By Michael Dregni
Sure, there were other star guitarists and banjoists in the Twenties and Thirties, performers like Vess Ossman, Fred Van Eps, Johnny St. Cyr, Eddie Lang, and Lonnie Johnson. But Django Reinhardt played like no one before him and like few who followed. When Django played jazz on his Selmer guitar, he opened the world’s ears to the instrument’s potential.
Django was among the first—and certainly, the most influential—musicians to sing out single-note solos on an instrument previously used to woo maidens on balconies, accompany parlor-song sing-a-longs, or chop out percussive beats in early “jass” bands. In giving a voice to his guitar, Django sought to recreate the joyous horn solos of his first jazz hero, Louis Armstrong. At the same time, he was equally inspired by the Romani violinists from whom he first learned, Gypsy flamenco guitarists, and even Parisian dancehall accordionists. These influences shine through in Django’s dazzling glissandi, dashing chromatic runs, and daring virtuoso playing, which was so admired by his fellow Gypsies.
Following his lead, a young guitarist named Les Paul, fresh from Waukesha, Wisconsin, learned Django’s solos by listening to his records and performed them note for note onstage. He was not alone in his veneration. A disgruntled sharecropper in the Mississippi Delta named Riley “B. B.” King heard a recording by Django brought back from France by a returning GI and forever set aside his plow in favor of his guitar. A hot country picker called Chet Atkins made a pilgrimage to see Django perform during his sole visit to the United States, in 1946 and 1947, and came away speechless. A Spanish classical guitarist by the name of Andrés Segovia watched Django play at a Paris soirée and requested a copy of the music to perform. Django’s influence on the guitar world can hardly be exaggerated. Perhaps Jeff Beck said it best: after running through a list of his inspirations, from Les Paul to Cliff Gallup, he declared, “Of course, it all started with Django.”
And yet Django’s influence on guitarists went beyond his music. His life as a musical nomad living free outside the confines of the status quo remains an inspiration even today. (It was not for nothing that Jimi Hendrix named one of his groups Band of Gypsys.) Handsome and charismatic, childlike and unpredictable, Django was a noble savage let loose in Parisian high society, an idiot savant of music who earned fortunes and spent them again as fast as he plucked his guitar.
IN RETROSPECT, IT SEEMS ONLY FITTING that he took the name Django, a phrase in the Gypsy language of Romani that translates as I awake. His official name—the one by which the gendarmes and border officials knew him as his family crisscrossed France in their horse-drawn caravan—was Jean Reinhardt, but among his fellow Gypsies and musicians he always preferred to be called Django. It was certainly a name alive with destiny.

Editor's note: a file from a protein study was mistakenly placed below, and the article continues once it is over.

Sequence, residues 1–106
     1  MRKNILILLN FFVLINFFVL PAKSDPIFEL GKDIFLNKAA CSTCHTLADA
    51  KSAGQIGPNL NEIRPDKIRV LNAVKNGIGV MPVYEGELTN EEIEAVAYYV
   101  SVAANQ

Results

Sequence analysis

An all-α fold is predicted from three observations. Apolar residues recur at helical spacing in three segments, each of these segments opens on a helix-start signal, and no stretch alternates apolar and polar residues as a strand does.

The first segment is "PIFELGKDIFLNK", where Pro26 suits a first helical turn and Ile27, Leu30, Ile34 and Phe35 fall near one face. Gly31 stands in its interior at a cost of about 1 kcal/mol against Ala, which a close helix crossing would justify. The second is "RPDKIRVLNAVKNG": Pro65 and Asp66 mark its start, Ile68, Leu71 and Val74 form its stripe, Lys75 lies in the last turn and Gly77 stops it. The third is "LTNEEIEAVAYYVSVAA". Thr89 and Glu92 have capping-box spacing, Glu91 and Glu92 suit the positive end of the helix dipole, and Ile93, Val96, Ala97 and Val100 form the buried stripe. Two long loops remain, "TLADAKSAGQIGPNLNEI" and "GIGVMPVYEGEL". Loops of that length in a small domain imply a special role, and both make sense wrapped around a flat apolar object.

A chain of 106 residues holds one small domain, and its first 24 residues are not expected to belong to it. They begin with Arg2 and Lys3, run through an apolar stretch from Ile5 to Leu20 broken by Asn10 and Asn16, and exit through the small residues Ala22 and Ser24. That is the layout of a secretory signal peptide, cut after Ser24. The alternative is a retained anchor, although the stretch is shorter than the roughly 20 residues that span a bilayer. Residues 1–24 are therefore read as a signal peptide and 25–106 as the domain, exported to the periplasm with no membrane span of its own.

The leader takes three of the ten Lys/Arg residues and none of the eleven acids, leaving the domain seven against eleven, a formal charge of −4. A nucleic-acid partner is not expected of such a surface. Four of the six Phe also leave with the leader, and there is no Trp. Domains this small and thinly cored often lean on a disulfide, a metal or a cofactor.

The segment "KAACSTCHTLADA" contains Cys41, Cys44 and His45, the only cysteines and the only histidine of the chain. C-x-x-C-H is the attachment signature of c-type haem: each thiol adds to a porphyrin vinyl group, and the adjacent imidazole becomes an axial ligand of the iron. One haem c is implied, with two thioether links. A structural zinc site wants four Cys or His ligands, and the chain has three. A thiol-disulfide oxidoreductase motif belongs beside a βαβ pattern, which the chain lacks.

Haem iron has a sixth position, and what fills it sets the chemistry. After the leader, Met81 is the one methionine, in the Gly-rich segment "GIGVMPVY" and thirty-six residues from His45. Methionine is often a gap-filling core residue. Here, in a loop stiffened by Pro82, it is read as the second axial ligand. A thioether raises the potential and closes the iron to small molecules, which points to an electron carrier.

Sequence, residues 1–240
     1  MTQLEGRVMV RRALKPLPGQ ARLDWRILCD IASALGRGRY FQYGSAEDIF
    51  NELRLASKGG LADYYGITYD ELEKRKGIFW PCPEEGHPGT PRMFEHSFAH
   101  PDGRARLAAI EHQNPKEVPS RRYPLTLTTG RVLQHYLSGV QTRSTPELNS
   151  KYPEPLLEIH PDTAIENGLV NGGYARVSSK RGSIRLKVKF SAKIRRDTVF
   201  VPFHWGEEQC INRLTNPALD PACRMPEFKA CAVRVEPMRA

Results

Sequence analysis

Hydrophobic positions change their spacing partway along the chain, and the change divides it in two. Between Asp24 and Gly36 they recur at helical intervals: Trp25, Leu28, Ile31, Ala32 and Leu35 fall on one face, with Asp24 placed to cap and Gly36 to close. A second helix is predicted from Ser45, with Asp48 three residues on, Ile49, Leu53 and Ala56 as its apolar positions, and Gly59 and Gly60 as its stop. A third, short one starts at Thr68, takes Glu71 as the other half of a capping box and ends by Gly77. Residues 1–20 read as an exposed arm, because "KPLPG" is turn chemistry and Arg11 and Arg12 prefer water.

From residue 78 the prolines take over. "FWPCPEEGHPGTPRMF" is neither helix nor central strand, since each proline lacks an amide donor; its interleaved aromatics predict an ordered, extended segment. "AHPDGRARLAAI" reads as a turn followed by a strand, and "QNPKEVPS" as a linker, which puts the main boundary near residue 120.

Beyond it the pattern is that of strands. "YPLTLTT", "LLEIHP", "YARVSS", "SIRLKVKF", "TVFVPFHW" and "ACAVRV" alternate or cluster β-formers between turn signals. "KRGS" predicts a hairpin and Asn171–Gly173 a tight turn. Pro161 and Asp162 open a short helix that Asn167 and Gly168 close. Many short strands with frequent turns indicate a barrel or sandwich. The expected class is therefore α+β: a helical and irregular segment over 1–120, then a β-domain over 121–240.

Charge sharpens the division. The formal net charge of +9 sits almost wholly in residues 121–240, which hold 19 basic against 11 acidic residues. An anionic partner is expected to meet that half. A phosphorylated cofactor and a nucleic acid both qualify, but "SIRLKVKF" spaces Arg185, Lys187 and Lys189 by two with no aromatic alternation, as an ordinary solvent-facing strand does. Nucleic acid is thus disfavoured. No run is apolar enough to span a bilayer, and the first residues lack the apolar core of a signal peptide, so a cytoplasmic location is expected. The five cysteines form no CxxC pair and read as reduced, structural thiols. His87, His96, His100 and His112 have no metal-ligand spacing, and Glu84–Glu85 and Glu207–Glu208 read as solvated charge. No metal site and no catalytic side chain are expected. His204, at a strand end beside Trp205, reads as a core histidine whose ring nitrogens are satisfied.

Every guitarist worthy of his or her instrument knows something of the Django legend. He was born by firelight in a wooden caravan outside the Belgian town of Liberchies on the winter night of January 23, 1910. His parents were traveling troubadours: his mother danced to the music that his father played on violin and on a piano that was unveiled on a makeshift stage at the rear of the caravan. In addition, they performed magic tricks, mended musical instruments, and made jewelry.
Django’s first instrument was violin, taught to him by his father. He played around Gypsy campfire parties as well as in country fairs and city markets, or anywhere there was an audience to throw him coins. When he was 10, Django picked up the banjo, an instrument brought to Europe by GIs in World War I. He learned to play it, and then the guitar, from two fellow Gypsies, the stars Jean “Poulette” Castro and Gusti Malha, and when he was just 14 followed them in performing in the underworld dancehalls of Paris.
After playing a dance on the night of October 26, 1928, Django returned to the caravan he shared with his young wife, who made artificial flowers crafted from celluloid. A lit candle was accidentally knocked over, igniting the highly flammable flowers, and the caravan was quickly engulfed in flames. In his attempt to put out the blaze, Django was horribly burned on his right leg and his left hand, which was left all but paralyzed. The two smallest fingers on the hand became inflexible claws, leaving just his index and ring fingers with which to fret his guitar. Doctors said Django would not play guitar again, but after 18 months of convalescence—and what must have been painful practice—he had retaught himself to perform on the instrument.
It was around this time, in the late Twenties, that Django first heard American jazz. He swooned over Duke Ellington’s records, copped licks from Eddie Lang’s duets with violinist Joe Venuti, and became enamored with Louis Armstrong’s exuberant horn solos. After hearing jazz, Django never wanted to play Gypsy music again.
Still, in Thirties-era Paris, jazz was a fledgling, underground music, and Django had to rely on ballroom dance gigs to make a living. He joined a tea-dance orchestra that included a dapper young violinist named Stéphane Grappelli, and together they sawed away on dance tunes for gentlemen and ladies at the smart set’s Hôtel Claridge on the Champs-Élysées.
It was here that the Quintette du Hot Club de France was formed, thanks to the serendipity of a broken string. “One day, just before we were due to go on, a string broke on my violin,” Grappelli recalled. Tuning up his new string, the jazz-obsessed violinist dashed off a quick swing line. “This music seemed to impress Django, because he took his guitar and accompanied my improvisation.” The dance was quickly forgotten as the impromptu duo jammed on jazz. Soon, other band mates—bassist Louis Vola and guitarists Roger Chaput and Django’s brother Joseph—joined in, and the band’s foundation was set.
The jam sessions also caught the ear of Charles Delaunay, a young graphic designer who was a member of possibly the world’s first jazz club, the Hot Club de France. With the club’s backing, the newly named Quintette cut its first song in 1934, a string swing version of the standard “Dinah,” learned from Satchmo’s recording.